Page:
The oxygen scavenging reaction may be summarized as follows:
In general, the system is employed in two ways l by adding the AQ/Na VO mixture to the system followed by the addition of the reducing agent or (2) prereducing the AQ/Na VO mixture with the reducing agent prior to addition to the oxygen-containing system. However, where the oxygen-containing system also contains H 5, an extremely corrosive system, it is necessary to add only the AQ/Na VO mixture since H 8 acts as the reducing agent.
All the known isomers of anthraquinone disulphonic acid are suitable for use in this process. These are:
Also mixtures of these isomers may be used with advantage, including commercially available mixtures which contain 1,5/1,8 or 2,6/2,7 anthraquinone disulphonic acids and possibly small quantities of other isomers. Salts of these sulfonic acids are also included within the scope of the invention, for example, alkali metal salts, alkali earth salts, etc.
Any suitable vanadate salt can be employed such as alkali metal vanadates, most preferably sodium or potassium vanadates.
Any effective ratios of anthraquinones to vanadate can be employed, such as from about 15:1 to 1:15, for example from about 10:1 to 1:10, but preferably from about 5:1 to 1:5.
Any effective concentration of anthraquinone can be employed, depending in part on the concentration of oxygen present, for example at least 10 ppm, such as from about 10 to 500 ppm, for example from about 20 to 250 ppm, but preferably from about 20 to ppm per ppm of oxygen. Greater amounts can be employed where desired, but there is generally no economic advantage in doing so.
The amount of H 8 or hydrazine present in the system should be sufficient to reduce the oxygen.
The following examples are presented by way of illustration and not of limitation.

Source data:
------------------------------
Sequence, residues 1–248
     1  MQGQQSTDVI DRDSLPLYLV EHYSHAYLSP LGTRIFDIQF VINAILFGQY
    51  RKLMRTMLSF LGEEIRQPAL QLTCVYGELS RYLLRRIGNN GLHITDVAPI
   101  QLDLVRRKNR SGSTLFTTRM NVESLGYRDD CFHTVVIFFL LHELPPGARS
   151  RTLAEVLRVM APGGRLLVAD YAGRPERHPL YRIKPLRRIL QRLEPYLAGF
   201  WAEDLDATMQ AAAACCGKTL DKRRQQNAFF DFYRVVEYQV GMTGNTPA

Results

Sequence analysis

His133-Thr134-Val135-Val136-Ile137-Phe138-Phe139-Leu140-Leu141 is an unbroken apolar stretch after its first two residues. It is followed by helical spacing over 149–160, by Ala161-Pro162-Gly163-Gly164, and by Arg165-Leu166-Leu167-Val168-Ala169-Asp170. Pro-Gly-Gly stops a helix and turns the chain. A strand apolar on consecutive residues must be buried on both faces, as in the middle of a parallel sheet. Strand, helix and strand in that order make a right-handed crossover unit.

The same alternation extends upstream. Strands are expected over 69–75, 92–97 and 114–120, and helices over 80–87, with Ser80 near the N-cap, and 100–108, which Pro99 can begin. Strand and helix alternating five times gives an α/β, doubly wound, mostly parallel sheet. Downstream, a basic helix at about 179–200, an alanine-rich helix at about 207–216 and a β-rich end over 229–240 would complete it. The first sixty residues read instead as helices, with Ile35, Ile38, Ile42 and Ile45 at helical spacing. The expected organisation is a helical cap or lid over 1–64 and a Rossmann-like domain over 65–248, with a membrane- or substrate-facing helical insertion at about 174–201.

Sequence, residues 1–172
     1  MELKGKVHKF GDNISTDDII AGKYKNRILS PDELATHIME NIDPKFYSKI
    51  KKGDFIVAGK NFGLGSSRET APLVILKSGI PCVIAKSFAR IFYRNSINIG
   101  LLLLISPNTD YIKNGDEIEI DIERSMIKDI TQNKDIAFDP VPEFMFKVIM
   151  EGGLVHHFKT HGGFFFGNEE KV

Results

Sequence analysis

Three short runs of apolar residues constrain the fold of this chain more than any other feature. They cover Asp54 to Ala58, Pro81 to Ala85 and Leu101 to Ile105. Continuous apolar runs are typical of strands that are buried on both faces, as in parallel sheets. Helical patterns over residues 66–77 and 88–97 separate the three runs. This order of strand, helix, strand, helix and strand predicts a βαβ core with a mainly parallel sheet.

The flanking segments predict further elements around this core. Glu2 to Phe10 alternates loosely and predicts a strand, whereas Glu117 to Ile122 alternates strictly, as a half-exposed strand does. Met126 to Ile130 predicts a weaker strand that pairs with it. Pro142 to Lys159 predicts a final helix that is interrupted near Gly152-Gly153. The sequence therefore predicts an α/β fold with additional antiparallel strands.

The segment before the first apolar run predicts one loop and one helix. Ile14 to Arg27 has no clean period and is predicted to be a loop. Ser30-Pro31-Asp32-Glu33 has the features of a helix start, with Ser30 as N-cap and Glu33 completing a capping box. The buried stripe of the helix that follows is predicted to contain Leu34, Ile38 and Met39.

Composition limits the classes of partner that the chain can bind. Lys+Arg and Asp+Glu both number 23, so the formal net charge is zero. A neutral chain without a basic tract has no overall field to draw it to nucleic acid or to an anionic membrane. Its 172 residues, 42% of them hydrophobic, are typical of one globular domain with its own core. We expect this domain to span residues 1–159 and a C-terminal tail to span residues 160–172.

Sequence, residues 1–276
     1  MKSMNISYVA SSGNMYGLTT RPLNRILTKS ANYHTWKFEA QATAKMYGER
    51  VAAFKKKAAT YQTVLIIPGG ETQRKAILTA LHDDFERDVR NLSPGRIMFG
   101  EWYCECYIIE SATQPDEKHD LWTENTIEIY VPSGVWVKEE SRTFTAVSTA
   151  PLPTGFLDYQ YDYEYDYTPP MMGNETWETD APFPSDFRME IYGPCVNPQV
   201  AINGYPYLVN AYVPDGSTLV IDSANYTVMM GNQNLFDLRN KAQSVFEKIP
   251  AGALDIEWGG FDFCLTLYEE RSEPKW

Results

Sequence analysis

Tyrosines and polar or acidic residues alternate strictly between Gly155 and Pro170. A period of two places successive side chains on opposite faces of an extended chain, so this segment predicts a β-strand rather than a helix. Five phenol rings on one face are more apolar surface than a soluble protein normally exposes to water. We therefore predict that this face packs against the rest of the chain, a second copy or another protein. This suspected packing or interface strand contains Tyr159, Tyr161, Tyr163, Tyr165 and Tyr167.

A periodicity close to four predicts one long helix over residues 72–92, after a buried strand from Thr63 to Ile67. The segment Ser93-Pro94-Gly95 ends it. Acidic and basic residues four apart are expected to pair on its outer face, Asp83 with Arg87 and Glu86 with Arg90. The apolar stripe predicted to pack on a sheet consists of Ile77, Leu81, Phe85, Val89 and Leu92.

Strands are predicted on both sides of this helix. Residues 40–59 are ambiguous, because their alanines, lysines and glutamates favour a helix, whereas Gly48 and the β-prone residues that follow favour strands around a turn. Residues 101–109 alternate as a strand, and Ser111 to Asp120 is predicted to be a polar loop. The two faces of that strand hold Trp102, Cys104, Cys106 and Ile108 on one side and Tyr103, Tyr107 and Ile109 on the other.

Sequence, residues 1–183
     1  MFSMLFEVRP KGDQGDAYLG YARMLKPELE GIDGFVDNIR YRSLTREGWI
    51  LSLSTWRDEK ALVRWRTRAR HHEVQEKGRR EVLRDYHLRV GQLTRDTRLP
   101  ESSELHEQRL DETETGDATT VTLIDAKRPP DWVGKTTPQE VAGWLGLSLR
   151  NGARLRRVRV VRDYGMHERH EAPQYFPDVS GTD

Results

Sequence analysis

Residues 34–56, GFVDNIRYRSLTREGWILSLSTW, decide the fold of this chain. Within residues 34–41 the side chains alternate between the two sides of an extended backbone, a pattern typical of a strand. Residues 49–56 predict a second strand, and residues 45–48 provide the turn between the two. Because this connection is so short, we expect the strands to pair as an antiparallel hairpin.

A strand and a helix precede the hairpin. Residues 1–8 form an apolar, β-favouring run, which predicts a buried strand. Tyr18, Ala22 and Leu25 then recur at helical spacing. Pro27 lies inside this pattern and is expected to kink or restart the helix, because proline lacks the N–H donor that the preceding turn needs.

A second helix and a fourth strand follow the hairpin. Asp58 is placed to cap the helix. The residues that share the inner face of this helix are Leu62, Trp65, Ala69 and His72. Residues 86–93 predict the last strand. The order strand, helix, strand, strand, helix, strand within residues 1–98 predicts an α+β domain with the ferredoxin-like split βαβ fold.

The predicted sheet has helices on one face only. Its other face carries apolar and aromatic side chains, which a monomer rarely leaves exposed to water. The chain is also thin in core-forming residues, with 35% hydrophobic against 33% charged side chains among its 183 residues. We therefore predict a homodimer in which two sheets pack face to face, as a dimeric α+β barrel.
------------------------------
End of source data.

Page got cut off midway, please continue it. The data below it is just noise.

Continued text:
All examples were carried out using 200 ml of tapwater at approximately 20C contained in a conical flask in which the oxygen probe is inserted. The oxygen concentrations vs. time are recorded on strip chart recorder connected to the oxygen meter. The rates of oxygen removal listed below are obtained by determining reduction of oxygen content in 10 minutes (or in time to reduce to zero if less than 10 minutes). The initial oxygen content varies from 7 to 8 ppm.
Table 1 presents the rate of oxygen removal vs. hydrazine concentration, using a solution containing vanadate and anthraquinone.
TABLE 1 "Van- Rate of *Quinone adate l-lydrazine Oxygen Example (ppm) (ppm) (ppm) Removal (ppm min.") 1 500 250 500 2 500 250 l 4 3 500 250 31 0 62 4 500 250 15 0.57 5 250 125 125 0.74 6 250 125 62.5 0.64 7 250 125 31 0.50 8 250 125 125 0.66 9 250 125 250 1.28 10 250 125 7.5 0.18
* Quinone refers to anthraquinone 2,6-disulfonic acid, sodium salt in Table l-5.
** Vanadate refers to sodium vanadate in Tables l-S.
The following table shows rate of oxygen removal employing a quinone/vanadate ratio of 1:1 with hydrazine or H S as reducer.
TABLE 2 Rate of Oxygen Example Reducing System (ppm) Removal (ppm min. 1 1 Quinone (125) Vanadate (125) Hydrazine (125) 1.55 12 Quinone (125) vanadate (125) Hydrazine (31) 0.45 13 Quinone (62.5) vanadate (62.5)
Hydrazine (125) 0.40 14 Quinone (125) Vanadate (125) H S (10) 0.90 15 Quinone (125) Vanadate (125) The following table, Table 3, shows the importance of both quinone and vanadate using hydrazine as reducing agent.